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In March 2010, the European Higher Education Area was officially launched, proclaiming the culmination of a ten-year timeframe projected at Bologna in 1999, when the education ministers of 29 European states signed a declaration that would fundamentally influence the future of their higher education systems. Forty-seven countries, including all EU Member States and other countries as far afield as Kazakhstan, now take part in the so-called ‘Bologna Process’. Remarkably, this vast enterprise, which has led to rapid and sweeping changes in almost all higher education systems in Europe, has taken place outside the framework of the European Union and the Council of Europe. In fact, as this important legal analysis shows, it appears that with the Bologna Process
the Member States have tried to sidestep the EU’s growing influence on higher education. Although the Bologna Process has generated an impressive literature addressing what it might mean, where it suddenly came from, and how it has become so powerful, until now the legal implications of the process, and its tense relationship with EU law, have been left almost entirely unexamined.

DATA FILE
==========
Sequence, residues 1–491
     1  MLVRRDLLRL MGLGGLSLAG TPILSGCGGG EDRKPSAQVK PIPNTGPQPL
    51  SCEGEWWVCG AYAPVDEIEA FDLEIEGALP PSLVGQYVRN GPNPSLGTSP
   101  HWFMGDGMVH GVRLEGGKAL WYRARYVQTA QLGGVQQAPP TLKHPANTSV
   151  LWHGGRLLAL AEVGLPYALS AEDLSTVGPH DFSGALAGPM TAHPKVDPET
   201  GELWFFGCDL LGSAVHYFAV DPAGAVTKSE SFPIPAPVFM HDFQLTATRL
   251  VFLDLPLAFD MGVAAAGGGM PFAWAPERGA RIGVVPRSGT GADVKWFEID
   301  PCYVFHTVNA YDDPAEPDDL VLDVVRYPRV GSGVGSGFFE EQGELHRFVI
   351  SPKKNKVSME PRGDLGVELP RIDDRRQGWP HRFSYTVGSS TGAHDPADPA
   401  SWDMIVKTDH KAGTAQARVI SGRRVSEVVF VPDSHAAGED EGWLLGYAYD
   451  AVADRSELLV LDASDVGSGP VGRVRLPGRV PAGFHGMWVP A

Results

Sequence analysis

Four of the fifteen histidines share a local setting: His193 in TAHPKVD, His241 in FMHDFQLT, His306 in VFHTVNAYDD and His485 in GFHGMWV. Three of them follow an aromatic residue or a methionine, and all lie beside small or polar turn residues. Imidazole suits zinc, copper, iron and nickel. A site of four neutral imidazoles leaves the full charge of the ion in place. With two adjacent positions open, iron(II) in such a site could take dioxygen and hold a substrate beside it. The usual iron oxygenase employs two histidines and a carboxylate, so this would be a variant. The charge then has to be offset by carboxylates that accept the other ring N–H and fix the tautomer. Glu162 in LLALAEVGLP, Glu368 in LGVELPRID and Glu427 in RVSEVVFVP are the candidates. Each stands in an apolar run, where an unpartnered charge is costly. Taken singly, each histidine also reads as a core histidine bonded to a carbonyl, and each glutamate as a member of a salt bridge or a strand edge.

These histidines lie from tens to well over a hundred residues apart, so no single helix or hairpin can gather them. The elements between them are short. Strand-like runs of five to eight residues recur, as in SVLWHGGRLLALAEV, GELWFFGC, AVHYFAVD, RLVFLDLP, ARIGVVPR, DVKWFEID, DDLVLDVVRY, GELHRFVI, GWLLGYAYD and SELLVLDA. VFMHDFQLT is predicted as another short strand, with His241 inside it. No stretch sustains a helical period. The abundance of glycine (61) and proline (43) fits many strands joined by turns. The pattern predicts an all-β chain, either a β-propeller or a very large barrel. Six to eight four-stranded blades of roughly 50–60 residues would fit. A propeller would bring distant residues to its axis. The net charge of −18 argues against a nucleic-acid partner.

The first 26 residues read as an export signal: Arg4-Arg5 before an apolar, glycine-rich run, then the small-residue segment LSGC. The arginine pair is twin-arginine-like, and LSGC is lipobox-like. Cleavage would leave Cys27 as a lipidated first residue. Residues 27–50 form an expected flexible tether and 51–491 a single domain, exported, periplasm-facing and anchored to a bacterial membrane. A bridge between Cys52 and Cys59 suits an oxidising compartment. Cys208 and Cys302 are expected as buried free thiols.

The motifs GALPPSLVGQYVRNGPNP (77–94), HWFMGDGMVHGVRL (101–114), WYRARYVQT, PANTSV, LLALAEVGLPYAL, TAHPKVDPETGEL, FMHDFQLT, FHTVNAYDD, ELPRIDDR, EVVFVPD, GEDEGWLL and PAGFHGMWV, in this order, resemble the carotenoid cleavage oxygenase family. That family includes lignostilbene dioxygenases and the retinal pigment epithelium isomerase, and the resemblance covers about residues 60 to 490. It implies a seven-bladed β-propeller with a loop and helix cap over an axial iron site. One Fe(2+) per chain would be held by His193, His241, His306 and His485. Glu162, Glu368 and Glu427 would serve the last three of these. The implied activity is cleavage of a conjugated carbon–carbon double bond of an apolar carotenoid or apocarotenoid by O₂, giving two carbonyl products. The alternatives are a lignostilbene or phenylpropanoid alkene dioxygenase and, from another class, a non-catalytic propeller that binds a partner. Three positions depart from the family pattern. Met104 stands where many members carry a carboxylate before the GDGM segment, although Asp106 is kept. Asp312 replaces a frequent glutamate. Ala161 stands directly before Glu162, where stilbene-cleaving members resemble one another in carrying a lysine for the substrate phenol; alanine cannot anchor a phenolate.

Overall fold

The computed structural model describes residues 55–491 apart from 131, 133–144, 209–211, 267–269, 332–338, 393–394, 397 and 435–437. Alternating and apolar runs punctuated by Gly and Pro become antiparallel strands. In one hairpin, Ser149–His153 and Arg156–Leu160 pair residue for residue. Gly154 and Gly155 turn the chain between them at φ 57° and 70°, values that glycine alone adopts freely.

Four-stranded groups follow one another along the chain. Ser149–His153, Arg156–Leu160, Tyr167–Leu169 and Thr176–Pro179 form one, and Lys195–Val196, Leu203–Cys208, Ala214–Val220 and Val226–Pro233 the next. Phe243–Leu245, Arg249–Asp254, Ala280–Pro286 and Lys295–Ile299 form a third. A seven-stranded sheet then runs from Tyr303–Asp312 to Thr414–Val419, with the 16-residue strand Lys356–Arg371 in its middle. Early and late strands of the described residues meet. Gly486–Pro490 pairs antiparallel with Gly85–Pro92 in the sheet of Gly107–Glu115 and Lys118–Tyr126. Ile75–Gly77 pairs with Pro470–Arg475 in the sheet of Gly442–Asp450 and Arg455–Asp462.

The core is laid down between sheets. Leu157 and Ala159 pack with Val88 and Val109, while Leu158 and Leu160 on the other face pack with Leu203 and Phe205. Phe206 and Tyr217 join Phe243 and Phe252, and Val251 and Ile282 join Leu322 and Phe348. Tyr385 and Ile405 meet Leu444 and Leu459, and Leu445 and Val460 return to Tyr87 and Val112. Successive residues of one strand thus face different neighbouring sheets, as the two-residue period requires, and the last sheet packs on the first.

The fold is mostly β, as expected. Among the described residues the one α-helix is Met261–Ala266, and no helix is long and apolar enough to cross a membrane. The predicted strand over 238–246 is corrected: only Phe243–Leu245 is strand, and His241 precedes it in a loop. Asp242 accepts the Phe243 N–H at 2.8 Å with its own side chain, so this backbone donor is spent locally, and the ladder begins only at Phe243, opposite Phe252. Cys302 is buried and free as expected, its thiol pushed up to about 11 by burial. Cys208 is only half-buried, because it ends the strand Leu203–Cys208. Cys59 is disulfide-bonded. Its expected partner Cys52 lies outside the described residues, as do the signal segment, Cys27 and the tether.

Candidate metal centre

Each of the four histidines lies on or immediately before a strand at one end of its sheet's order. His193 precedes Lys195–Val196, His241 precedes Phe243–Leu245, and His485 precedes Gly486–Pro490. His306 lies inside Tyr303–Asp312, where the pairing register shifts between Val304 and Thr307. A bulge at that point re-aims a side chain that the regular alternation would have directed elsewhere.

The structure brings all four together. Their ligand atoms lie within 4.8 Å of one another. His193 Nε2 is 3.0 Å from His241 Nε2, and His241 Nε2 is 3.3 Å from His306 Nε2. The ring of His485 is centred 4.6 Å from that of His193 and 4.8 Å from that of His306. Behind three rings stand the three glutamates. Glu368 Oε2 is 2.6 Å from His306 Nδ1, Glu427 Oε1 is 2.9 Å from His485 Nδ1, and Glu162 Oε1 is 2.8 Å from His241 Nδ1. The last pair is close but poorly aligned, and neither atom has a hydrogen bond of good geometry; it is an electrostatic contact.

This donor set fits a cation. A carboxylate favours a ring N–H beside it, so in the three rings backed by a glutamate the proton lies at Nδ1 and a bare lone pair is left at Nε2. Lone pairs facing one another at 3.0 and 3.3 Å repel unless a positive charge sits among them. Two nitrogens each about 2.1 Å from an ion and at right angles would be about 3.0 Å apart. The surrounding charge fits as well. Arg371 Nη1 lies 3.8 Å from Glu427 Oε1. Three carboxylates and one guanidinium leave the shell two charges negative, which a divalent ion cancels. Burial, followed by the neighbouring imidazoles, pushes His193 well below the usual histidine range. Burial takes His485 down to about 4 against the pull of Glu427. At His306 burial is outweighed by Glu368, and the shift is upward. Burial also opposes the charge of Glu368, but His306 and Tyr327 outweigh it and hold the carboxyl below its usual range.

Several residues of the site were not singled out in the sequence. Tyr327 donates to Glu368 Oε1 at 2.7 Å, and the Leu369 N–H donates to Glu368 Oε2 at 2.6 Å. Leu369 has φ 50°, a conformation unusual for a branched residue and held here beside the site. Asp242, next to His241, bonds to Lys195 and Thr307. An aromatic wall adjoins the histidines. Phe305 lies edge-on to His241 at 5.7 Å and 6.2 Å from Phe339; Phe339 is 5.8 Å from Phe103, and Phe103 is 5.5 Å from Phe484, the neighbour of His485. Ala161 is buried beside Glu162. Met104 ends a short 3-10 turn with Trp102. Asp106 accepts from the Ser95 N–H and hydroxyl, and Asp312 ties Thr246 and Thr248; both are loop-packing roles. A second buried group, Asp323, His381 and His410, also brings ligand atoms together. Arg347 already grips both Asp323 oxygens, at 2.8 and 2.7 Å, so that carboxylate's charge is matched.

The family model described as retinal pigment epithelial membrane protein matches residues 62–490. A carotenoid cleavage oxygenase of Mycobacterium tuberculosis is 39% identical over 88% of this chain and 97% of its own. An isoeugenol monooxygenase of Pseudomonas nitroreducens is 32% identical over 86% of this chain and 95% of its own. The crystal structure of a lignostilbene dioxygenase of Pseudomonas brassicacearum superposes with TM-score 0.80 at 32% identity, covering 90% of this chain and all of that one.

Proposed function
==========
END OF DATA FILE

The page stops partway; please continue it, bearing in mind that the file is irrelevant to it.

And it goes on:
The author describes how the scope of the Bologna Process was significantly broadened during a series of meetings during the decade, analyses the relevance of the case law of the European Court of Justice and provides a detailed description of the adoption of the process into the national laws of France, Germany and the United Kingdom. A concluding normative assessment scrutinizes the process on the basis of democracy, transparency and accountability.
As the first study of the legitimacy of Bologna from a European law perspective – and by extension of the ‘Europeanization’ of higher education, including the role of the EU, EU law, and law in general – this is a critically important contribution to a contentious debate that clearly holds great significance for the future of law and society. Educators and education policymakers are sure to read and study it with interest.